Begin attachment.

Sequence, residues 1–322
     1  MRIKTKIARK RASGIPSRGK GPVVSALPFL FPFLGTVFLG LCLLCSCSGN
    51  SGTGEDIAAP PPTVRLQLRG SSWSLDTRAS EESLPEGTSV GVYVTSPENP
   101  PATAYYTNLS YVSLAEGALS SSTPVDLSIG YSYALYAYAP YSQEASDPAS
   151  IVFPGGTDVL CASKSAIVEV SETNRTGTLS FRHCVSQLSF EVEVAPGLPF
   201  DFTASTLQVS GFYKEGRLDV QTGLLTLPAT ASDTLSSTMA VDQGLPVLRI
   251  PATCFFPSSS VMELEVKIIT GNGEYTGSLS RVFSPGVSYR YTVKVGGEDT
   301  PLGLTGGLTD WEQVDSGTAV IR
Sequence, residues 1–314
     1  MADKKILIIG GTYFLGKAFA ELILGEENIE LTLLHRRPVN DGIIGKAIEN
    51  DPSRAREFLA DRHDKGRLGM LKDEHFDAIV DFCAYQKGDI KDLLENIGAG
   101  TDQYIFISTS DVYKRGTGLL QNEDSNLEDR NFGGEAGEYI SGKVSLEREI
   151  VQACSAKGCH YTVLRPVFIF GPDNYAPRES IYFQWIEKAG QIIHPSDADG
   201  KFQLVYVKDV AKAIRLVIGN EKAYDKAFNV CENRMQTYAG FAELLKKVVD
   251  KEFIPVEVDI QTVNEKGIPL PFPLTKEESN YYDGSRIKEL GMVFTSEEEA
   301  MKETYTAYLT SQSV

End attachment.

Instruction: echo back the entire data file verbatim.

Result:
Sequence, residues 1–322
     1  MRIKTKIARK RASGIPSRGK GPVVSALPFL FPFLGTVFLG LCLLCSCSGN
    51  SGTGEDIAAP PPTVRLQLRG SSWSLDTRAS EESLPEGTSV GVYVTSPENP
   101  PATAYYTNLS YVSLAEGALS SSTPVDLSIG YSYALYAYAP YSQEASDPAS
   151  IVFPGGTDVL CASKSAIVEV SETNRTGTLS FRHCVSQLSF EVEVAPGLPF
   201  DFTASTLQVS GFYKEGRLDV QTGLLTLPAT ASDTLSSTMA VDQGLPVLRI
   251  PATCFFPSSS VMELEVKIIT GNGEYTGSLS RVFSPGVSYR YTVKVGGEDT
   301  PLGLTGGLTD WEQVDSGTAV IR
Sequence, residues 1–314
     1  MADKKILIIG GTYFLGKAFA ELILGEENIE LTLLHRRPVN DGIIGKAIEN
    51  DPSRAREFLA DRHDKGRLGM LKDEHFDAIV DFCAYQKGDI KDLLENIGAG
   101  TDQYIFISTS DVYKRGTGLL QNEDSNLEDR NFGGEAGEYI SGKVSLEREI
   151  VQACSAKGCH YTVLRPVFIF GPDNYAPRES IYFQWIEKAG QIIHPSDADG
   201  KFQLVYVKDV AKAIRLVIGN EKAYDKAFNV CENRMQTYAG FAELLKKVVD
   251  KEFIPVEVDI QTVNEKGIPL PFPLTKEESN YYDGSRIKEL GMVFTSEEEA
   301  MKETYTAYLT SQSV